The National Housing Trend Report from® showed that the median list price for January rose 8.3% compared to last year but only up 0.1% from the previous month. The number of properties for sale was up 3.1% for the year but down -3.3% from the previous month. The median age of inventory was essentially unchanged. For the Los Angeles-Long Beach MSA the median price was $449,000 up 25.1% from a year ago but down -0.20% from the previous month. The amount of total listings was 18,600 up 3.40% from the previous year and up 5.10% from the previous month. The median age of inventory was 74 days, down -5.1% from the previous year and down -1.3% from the previous month.

We are heading into the selling season which will be a welcome relief when it comes to real estate related data. Expect to see the month over month indicators pick up after March! Not only do they pick up at that time every year, we are beginning to see the pick up in the marketplace.

While inventory levels are still near record lows we are beginning to see many more homes listed in many of our markets. That alone should increase the number of sales as we still see stronger demand than inventory supply which is evident by the high number of multiple offers. Obviously, not all homes are getting multiple offers, there is a limit to how high a home can be priced. Homes that are not well priced are sitting on the market.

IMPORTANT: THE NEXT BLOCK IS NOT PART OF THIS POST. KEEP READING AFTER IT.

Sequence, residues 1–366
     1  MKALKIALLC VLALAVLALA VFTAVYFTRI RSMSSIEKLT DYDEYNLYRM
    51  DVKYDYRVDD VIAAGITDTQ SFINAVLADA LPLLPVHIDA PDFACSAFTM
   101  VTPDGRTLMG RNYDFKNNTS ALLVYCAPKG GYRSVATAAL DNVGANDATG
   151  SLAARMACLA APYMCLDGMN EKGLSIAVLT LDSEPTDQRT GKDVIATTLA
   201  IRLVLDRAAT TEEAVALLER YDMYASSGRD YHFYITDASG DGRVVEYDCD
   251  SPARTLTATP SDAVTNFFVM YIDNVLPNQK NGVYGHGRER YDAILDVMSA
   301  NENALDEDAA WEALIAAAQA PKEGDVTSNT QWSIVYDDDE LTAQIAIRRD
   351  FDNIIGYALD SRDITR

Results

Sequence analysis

Economic Update For The Week Ending February 14, 2014 With Syd Leibovitch

economicupdate0214This week the stock market saw another week of positive territory with strong gains seen in all three indices as investors took into account bad weather as an excuse for some soft economic data. While U.S. export prices rose 0.2%  in January, the third straight monthly increase, factory production fell 0.8% in January, the biggest drop in more than 4-1/2 years. The Dow closed out the week at 16,154.39 up 2.28%  from last week’s close of 15,794.08. The Nasdaq was also up, ending the week at 4,244.03 up 2.86% from last week’s 4,125.86 close. The S&P 500 ended the week at 1,838.63, up 2.32% from last week’s 1,797.02 close.

The  10-year Treasury note yield rate rose slightly to 2.75% after ending last week at 2.71%. It was 2.00% a year ago.

Interest rates saw a slight rise this week after several lower weeks. The Freddie Mac Weekly Primary Mortgage Market Survey showed that the 30-year-fixed rate up to 4.28% from 4.23% last week.  The 15-year-fixed stayed solid at 3.33% the same as last week’s 3.33%. A year ago the 30-year fixed was at 3.53% and the 15-year was at 2.77%.


The latest quarterly report from the National Association of Realtors® shows that the